Aerial assessment: The insurance adjuster is a drone

Drone inspections are fast becoming the new norm for insurance companies, and that's creating new industry alliances.
Written by Greg Nichols, Contributing Writer

Drone delivery may be taking off slowly in the U.S. thanks to strict FAA oversight, but drones have become a key tool for inspection in many industries. Now, that includes the insurance sector, where damage assessments are frequently performed by drones equipped with machine vision and AI. 

That fact was driven home with an announcement from Kespry, a drone-based aerial intelligence company, which has teamed up with Grinnell Mutual, a leading property casualty insurance company and the nation's largest primary reinsurer of farm mutual companies, to help with residential and commercial roof inspections. 

Late last year, The Travelers Companies, a major national insurer, made a substantial investment in drone operations software company Kittyhawk, strengthening the partnership between those companies. Travelers launched its drone operations program in 2016 in the aftermath of Hurricane Matthew.

Grinnell Mutual has begun using Kespry drones and aerial intelligence platform to take high-resolution photos that are rapidly blended into single, composite 3-D images of roofs. AI and machine learning-based algorithms provide assessments to help adjusters determine damage, such as often occurs after a storm.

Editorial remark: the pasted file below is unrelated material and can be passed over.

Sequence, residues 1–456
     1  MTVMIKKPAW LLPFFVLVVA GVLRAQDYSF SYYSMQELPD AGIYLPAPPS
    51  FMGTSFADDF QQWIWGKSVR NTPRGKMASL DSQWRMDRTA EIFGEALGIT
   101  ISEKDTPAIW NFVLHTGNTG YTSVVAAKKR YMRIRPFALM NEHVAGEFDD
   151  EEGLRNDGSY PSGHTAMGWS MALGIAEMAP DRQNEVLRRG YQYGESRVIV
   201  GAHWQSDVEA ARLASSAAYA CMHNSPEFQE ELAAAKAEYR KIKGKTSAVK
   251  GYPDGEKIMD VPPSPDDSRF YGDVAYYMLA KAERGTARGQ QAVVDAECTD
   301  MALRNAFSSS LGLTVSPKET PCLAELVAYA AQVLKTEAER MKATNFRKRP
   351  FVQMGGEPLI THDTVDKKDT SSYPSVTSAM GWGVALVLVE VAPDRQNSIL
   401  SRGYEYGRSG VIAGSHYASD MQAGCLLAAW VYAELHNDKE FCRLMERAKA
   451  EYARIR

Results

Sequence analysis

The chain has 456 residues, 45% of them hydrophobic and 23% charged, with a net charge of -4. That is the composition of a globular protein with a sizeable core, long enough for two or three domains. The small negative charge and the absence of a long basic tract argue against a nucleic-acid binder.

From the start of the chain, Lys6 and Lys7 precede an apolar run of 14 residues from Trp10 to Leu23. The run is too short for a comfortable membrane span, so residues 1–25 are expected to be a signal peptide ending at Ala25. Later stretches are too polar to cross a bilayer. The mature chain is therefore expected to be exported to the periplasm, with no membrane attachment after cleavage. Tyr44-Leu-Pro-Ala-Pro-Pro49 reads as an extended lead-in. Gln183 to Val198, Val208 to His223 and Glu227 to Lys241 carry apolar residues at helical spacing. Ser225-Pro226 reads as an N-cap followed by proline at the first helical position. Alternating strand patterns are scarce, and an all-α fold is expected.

"What's nice about the Kespry system is we can knock out an average inspection within about 15 minutes," said Chuck Tremain, Property Large Loss Specialist, Grinnell Mutual. "Without a drone, a roof inspection can take up to two hours. With the drone, I have the data right there. I can look at it on-site and actually make some decisions on the spot, which is nice. Our policyholders and contractors have trusted the data and found that it is accurate. It makes us feel like we're doing our job and getting policyholders taken care of. We're making good on the promise we make to our policyholders."

Kespry's other customers include mining and construction companies, which use drones to monitor and model large-scale projects. 

Overall, the drone inspection market, worth about $18B last year, is expected to explode. By some estimates, it could triple, reaching $42.5B by 2024. Much of the growth is driven by infrastructure and utilities inspection, though the march into residential and corporate insurance and construction should be key drivers as well.

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